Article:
The Timehri Film Festival, is a Guyanese and Caribbean film festival we, i.e., CaFA, started in 2016, in partnership with Rewind and Come Again (Blog). Now in its second year, the Festival is slowly but surely growing into what we envisioned for it.
Our very first year coincided with Guyana’s 50th Independence celebrations. All of the 30+ films were screened at the Moray House Trust, over a period of 4 days. Although not the first film festival in Guyana – SASOD, a local organization has been hosting a queer film festival in Guyana for the past 12 years, and there have been others – it was the first to really bring a focus to the work of Guyanese filmmakers and filmmakers from the wider Caribbean region. All of the screenings were free and open to the public and we screened films from the English, Spanish, French, and Dutch Caribbean to very modest crowds. Overwhelmingly, the response to the Festival was positive. People loved seeing themselves/Caribbean people on screen, enjoyed the variety in the stories being told, and were impressed by the quality of the films being made by Caribbean filmmakers. A lot of other feedback we got, centered around us needing to share these films with larger audiences, ie, do a better job of promoting the Festival and filling the seats, as well as screening to different audiences and Guyanese people who would never make it to Georgetown, or Moray House, for that matter.
We listened, worked on a few things, and tackled the planning for this year’s Festival with last years’ experience, as our guide.
The attendance at this year’s Festival was much better than last year’s, although we saw many of the same faces this year. In the lead up to the Festival we received good coverage in the papers, on the radio and through social media. This year, we worked with a volunteer, who helped keep our social media vibe going before and during the Festival. There was many people who attended last year’s Festival who either brought friends or recommended the Festival to people they knew. Our opening night, which featured a package of short films by Guyanese filmmakers both at home and in the Diaspora, and saw the premiere of the only Guyanese film shot in Guyana, Adero, was standing room only and we were graced with the presence of the First Lady, Her Excellency Mrs. Sandra Granger.
We added new partnerships. We partnered with Carver Bacchus, Founder of Green Screen TT, an Environmental film festival in Trinidad & Tobago, and Raquel Thomas of the the Iwokrama International Center for Rainforest Conservation, to present a day of environmental films. Billed as Guyana’s first Environmental Film Festival, the films were screened at the beautiful Umana Yana, in Georgetown and featured films from Guyana and Trinidad & Tobago, all dealing with aspects of the Environment. The Minister of Education, Ms. Nicolette Henry, joined us. We also hosted the launch of Reel Guyana, a media company founded by Alex Arjoon, to produce environmental content for Guyanese audiences.
We also tinkered with the presentation of the Festival. Our budget currently does not allow us, as is typical with many film festivals, to host filmmakers for the Festival. So, we asked the filmmakers to prepare short video introductions and to answer a few questions about themselves, designed to give our viewers a better understanding of who the filmmakers were, and why they made the films. This was a huge success. Many viewers expressed the joy in being able to see the filmmakers and get a sense of who they were by looking at the snippets. Needless to say, this is something we will continue to do and improve on.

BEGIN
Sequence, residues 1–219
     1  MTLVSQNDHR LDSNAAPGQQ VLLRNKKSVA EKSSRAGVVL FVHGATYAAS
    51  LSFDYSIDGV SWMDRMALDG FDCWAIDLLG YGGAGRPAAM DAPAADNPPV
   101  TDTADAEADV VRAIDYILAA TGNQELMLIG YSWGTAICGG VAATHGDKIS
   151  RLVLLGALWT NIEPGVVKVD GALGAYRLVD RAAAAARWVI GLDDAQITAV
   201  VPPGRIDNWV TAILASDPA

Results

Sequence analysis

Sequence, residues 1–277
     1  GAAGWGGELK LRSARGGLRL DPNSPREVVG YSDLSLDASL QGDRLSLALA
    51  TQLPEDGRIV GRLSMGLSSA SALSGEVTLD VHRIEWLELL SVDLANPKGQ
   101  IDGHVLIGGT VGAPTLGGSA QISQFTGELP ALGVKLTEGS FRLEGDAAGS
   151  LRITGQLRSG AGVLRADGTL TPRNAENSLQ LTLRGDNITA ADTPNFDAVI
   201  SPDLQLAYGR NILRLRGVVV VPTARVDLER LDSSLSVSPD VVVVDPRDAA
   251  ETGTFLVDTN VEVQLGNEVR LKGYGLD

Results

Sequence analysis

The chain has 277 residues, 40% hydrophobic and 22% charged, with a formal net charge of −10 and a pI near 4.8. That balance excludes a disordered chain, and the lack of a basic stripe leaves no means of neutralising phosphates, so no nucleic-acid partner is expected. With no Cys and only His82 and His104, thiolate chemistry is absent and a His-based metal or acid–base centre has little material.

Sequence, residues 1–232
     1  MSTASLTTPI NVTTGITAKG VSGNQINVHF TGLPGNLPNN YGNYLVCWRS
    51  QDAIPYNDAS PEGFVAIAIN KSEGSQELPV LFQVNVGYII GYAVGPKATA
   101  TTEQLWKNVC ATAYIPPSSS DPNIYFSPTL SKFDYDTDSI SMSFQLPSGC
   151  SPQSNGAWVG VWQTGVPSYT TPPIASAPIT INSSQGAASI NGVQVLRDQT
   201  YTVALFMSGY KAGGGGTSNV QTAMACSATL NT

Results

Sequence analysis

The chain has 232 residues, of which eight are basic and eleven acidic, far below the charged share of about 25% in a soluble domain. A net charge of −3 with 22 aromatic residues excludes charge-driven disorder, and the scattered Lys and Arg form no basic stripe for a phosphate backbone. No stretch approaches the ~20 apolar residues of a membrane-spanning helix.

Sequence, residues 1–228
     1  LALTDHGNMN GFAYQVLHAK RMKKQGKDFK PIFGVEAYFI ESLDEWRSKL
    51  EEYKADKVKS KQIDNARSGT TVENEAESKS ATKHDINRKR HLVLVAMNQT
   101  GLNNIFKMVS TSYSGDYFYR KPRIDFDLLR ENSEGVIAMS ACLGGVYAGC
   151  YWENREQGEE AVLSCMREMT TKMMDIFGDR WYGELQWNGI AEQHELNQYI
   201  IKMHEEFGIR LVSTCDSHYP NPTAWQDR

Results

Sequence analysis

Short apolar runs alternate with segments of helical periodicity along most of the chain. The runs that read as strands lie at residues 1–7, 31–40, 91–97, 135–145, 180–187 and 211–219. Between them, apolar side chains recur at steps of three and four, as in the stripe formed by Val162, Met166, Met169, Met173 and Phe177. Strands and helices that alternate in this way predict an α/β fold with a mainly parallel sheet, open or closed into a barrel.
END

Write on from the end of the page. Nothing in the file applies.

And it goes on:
Another huge development, was the offsite screenings we conducted during the Festival, and are continuing to host, a month after the Festival concluded. During the Festival, we visited the Berbice Women’s Prison and the Lusignan Men’s Prison, to screen films to the inmates. At the men’s prison, we screened the film, Songs of Redemption, a film depicting life in the General Penitentiary in Jamaica, taking a very human look at the way inmates there, use music to help them do their time. The inmates’ response to the film was both thoughtful, and sobering, making the Q+A after that film one of the most emotional we experienced, during the Festival. At the women’s prison, we screened a collection of short films bringing some well needed moments of levity to their lives, for the day.
We also screened and are still screening films to younger audiences. We hosted a screening at the Business School during the Festival, and more recently at the Juvenile Detention Center in Sophia, in partnership with the Guyanese NGO, Epic Guyana. We will be screening at the Children’s Drop In Center, also in Sophia.
Opportunities to partner with other organizations in Guyana have also cropped up. We were invited to be a part of this year’s Linden Riverfront Festival, bringing two days of Guyanese and Caribbean films to Linden.
All in all, we are having a fantastic time putting on this Festival and sharing the films far and wide in Guyana, and are already looking forward to 2018. Our challenges remain funding and attracting a wide audience. But we will be working to deepen the relationships we have built and do work with youth and in communities where these types of experiences are not common, all in an effort to spread the #CaribbeanFilm love.
If you like the work we are doing and would like to help, we welcome contributions however they come. We would appreciate any volunteer efforts, in-kind support, as well as financial support. If you would like to volunteer or are interested in partnering with us, please contact us at firstname.lastname@example.org. You can also make a tax-deductible donation through our parent organization, the Caribbean Film Academy, using this link.
Here’s a look at some images from this year’s Festival: